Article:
Supplemental educational services (SES) are a major federal intervention introduced by the No Child Left Behind (NCLB) Act of 2001. Public schools that have not made adequate yearly progress in increasing academic achievement for three years are required to offer children in low-income families the opportunity to receive extra academic assistance in the form of SES. Tutoring must be provided outside of the school day, and states are urged to promote expansive choice in registering nonprofit, for profit, faith based and community organizations. Click About Us to learn more about our evaluation of SES.

SES has the potential to become a valuable tool for helping schools narrow the achievement gap and improve educational outcomes and opportunities for poor and minority students. Little is known however, however, about what types of SES programs are most effective and how SES might work to maximize its potential benefits for disadvantaged students. A primary goal of the study is to examine the net impacts of SES on student achievement and to identify the design and context factors that contribute to these effects.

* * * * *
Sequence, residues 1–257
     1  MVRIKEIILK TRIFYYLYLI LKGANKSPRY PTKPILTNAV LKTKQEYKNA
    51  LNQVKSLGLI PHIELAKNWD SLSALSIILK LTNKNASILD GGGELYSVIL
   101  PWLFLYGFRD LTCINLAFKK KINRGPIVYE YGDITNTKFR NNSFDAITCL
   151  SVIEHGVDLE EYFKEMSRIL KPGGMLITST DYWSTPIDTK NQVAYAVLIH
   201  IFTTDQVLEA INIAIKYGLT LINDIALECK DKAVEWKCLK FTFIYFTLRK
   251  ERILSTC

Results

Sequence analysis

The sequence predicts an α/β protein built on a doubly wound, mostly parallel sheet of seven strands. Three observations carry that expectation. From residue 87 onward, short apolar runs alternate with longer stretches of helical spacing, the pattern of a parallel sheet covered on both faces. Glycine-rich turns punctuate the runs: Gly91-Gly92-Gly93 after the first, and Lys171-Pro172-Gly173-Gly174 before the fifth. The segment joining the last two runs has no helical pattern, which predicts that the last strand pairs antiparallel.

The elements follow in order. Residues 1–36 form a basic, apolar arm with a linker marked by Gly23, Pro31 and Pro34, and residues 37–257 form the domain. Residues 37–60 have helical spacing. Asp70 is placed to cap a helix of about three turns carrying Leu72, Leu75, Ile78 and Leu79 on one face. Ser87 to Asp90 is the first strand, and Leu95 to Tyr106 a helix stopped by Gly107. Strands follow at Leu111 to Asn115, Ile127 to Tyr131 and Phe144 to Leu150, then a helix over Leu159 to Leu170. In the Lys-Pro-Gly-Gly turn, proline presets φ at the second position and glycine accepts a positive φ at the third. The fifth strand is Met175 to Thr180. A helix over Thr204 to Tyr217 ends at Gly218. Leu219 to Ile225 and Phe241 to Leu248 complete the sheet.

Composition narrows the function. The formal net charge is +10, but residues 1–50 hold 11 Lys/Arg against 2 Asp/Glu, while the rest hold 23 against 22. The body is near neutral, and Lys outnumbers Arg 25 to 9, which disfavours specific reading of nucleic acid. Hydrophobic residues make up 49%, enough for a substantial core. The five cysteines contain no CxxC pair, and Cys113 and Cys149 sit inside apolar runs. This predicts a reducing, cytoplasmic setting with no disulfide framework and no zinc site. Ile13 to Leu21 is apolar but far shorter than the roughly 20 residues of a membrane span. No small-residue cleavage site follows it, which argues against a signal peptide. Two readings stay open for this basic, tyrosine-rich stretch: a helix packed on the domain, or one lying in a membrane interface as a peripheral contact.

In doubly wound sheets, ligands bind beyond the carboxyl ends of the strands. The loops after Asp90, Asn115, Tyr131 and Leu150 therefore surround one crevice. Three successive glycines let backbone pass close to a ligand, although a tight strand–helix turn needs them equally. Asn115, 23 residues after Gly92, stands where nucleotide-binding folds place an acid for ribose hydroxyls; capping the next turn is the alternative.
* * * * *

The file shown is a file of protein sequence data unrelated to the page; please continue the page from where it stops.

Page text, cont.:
This project is a joint effort of the Center for Health and Social Policy at Lyndon B. Johnson School of Public Affairs, University of Texas at Austin, the Rossier School of Education at the University of Southern California, and the Wisconsin Center for Education Research and Value-Added Research Center at the University of Wisconsin-Madison.